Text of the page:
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Chef Heather Gressett, executive pastry chef at Corner Kitchen and Chestnut in Asheville, N.C., breaks down why sustainability is important to her while offering some useful tips for restaurateurs and chefs.
Here’s Chef Heather: In her own words …
As our planet grapples with the reality of climate change and dwindling resources, every effort counts. Even though I work as the executive pastry chef at two small businesses, this is a high-waste industry so we need everyone doing what they can. That includes big and small business.
Food waste exists at every stage of preparation – from the food that didn’t make the plate and the food that wasn’t eaten to the unused ingredients that eventually go bad. We can make changes every step of the way. This includes our ordering processes as well as preparation, disposal and even the way we put together our menus.
When I worked in Chicago, I was able to see the incredible level of food waste that accompanied one of the most remarkable restaurant cities in the world — a city that also has a lot of people who go hungry. That’s why I helped found the Chicago Bridge Project, which made it possible for excess food that would have gone to waste at these restaurants to be provided to those most in need.
While you don’t need to start a whole nonprofit to help out (though don’t let me stop you if you want to!), there are many other ways chefs and their restaurants can be more intentional on the path toward sustainability.
Help your local economy, farmers, ranchers and other producers while dramatically reducing your carbon footprint. This might impact your seasonal menu, but it’s worth it. At our restaurants we aim to get our ingredients the humane way by supporting organizations and sources that treat workers and animals with minimal environmental impact.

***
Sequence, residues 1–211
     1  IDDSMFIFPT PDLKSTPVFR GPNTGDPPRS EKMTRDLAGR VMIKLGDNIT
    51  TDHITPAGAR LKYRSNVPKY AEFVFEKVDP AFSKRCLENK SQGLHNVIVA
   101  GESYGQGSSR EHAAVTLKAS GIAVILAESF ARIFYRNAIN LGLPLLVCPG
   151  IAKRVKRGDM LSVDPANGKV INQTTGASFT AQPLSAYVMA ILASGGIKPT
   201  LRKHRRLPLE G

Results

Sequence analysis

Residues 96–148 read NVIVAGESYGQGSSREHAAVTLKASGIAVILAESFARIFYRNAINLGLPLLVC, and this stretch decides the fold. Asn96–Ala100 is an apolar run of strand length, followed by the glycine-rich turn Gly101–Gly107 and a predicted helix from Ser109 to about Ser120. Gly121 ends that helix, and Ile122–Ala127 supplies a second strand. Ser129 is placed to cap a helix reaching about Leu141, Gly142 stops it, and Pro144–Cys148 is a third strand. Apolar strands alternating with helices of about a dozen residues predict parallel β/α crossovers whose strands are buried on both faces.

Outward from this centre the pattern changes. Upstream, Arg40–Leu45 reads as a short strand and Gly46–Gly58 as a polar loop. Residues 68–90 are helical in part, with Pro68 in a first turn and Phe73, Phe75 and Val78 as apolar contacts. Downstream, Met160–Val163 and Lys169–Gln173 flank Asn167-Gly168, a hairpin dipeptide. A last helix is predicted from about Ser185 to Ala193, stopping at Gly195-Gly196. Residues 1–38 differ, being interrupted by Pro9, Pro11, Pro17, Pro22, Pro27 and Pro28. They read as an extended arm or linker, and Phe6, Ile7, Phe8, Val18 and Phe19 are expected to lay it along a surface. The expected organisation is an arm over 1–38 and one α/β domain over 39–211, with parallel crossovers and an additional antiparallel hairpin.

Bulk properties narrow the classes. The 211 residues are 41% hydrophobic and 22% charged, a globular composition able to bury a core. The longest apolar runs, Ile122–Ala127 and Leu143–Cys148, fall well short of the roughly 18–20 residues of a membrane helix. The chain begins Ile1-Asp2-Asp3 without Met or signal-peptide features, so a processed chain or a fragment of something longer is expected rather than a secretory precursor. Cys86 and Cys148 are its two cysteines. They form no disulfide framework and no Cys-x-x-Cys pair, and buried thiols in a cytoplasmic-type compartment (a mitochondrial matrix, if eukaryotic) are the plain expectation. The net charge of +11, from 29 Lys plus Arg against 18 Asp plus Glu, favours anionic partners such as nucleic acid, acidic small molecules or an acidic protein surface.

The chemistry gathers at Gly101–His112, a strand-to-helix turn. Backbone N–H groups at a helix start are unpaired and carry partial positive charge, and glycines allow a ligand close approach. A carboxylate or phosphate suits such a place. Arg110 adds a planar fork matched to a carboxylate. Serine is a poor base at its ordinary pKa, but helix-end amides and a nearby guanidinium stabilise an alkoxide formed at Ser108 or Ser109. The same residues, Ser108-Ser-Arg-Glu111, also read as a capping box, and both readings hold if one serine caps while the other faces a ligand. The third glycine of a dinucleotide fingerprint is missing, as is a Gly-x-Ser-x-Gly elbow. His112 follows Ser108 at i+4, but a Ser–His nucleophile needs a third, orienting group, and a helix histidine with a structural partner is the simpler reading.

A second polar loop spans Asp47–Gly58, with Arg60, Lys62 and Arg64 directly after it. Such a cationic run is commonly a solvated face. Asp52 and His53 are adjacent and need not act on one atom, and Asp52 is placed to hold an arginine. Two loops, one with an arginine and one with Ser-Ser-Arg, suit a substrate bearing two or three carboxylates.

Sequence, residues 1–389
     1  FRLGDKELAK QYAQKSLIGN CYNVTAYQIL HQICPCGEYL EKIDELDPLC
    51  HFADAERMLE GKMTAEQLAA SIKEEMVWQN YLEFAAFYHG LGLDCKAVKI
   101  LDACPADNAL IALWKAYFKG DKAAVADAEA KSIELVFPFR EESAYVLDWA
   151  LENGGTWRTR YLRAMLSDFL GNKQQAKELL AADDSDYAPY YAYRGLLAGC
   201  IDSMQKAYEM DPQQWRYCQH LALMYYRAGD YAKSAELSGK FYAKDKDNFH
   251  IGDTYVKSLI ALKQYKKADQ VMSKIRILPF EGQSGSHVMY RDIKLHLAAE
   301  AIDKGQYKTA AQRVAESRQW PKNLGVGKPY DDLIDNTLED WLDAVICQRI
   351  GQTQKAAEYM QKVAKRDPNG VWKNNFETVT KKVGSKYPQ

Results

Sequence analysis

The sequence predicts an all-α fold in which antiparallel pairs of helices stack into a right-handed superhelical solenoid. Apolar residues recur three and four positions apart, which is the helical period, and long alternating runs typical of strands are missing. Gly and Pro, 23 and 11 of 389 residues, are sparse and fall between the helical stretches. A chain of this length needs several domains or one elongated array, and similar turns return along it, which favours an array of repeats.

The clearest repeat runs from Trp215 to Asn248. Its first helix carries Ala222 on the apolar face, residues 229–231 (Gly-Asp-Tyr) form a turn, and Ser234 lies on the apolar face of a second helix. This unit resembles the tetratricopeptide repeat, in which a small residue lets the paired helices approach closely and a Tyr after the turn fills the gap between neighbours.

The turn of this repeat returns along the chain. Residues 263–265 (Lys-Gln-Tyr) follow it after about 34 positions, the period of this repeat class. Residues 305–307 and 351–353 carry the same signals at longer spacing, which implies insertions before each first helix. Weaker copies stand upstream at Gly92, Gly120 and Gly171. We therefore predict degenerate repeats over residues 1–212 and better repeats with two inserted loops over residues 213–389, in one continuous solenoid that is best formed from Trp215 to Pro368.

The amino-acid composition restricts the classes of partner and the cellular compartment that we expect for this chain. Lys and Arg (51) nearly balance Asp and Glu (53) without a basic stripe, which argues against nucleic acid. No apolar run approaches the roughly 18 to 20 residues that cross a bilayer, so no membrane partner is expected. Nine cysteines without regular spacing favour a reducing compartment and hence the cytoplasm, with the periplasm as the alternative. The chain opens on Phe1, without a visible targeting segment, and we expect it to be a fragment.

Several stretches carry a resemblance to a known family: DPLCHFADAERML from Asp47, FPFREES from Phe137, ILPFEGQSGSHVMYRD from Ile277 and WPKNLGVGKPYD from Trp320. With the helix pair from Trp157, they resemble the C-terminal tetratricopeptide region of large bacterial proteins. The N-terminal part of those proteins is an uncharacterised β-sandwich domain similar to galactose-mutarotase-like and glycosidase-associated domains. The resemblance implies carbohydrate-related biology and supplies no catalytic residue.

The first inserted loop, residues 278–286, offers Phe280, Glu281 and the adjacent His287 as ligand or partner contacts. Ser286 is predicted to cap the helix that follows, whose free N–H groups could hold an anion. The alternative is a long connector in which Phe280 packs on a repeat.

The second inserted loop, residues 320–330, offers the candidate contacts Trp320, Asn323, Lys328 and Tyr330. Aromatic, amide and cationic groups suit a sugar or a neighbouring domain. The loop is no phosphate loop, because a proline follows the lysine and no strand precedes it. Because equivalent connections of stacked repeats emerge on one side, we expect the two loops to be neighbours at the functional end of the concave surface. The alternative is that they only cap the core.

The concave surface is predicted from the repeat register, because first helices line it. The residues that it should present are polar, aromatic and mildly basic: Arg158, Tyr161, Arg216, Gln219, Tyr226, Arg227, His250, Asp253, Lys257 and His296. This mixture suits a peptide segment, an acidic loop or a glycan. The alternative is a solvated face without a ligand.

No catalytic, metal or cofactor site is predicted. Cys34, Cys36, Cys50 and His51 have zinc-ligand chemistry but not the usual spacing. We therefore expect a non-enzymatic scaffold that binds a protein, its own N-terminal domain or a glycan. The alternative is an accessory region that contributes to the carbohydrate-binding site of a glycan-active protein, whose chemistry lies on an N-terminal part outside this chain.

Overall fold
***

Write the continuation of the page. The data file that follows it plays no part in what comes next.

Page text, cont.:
This can be one of the easiest and immediate changes. Start requesting more environmentally friendly options from your shipping and sourcing partners. If they don’t have any available, look into other vendor options. We need latex gloves for health regulations. And those create a lot of waste. So it’s important to find other areas where you can cut.
Educate your customers
Most change is market-driven – so chances are your customers’ habits will be a catalyst. You can have an ideal, but you also have to account for sourcing restraints, health codes, budget, training etc. Make sure customers know what it takes. They need to say: “We will pay a little more for this better thing to be in the world.”
Make a green pledge
There are a variety of certifications and programs that encourage restaurants and other organizations to “go green.” Use them as a starting point. You might already know about composting and paper straws. But there are other tips – like updated LED lighting – that can make your restaurant environmentally friendly. Corner Kitchen is green-certified and Chestnut is in the process of gaining that certification. Trust me when I say it’s worth it.
Choose your battles
Being sustainable takes patience, hard work and requires an intentional assessment of the areas in your restaurant where you can make the most effective changes. Look for openings where you can insert best practices, and always keep your eyes open for new processes and products that will fit into your sustainability plan. Sometimes being sustainable costs money. So pick your battles while still making sure you can serve all customers, pay employees well and be responsible in your operations.
Sustainability isn’t a trend, it’s here to stay.
Do what you can to be more intentionally sustainable and push the needle on both the individual front and toward those broader changes. It’s not just about polar bears on shrinking ice floes that are continents away. It’s on our doorstep. Sustainability affects our lives and economies at home, in our towns and in our kitchens.
We all need to do our part.
Chef Works recently hosted a sustainability discussion panel at the National Restaurant Association Show in Chicago.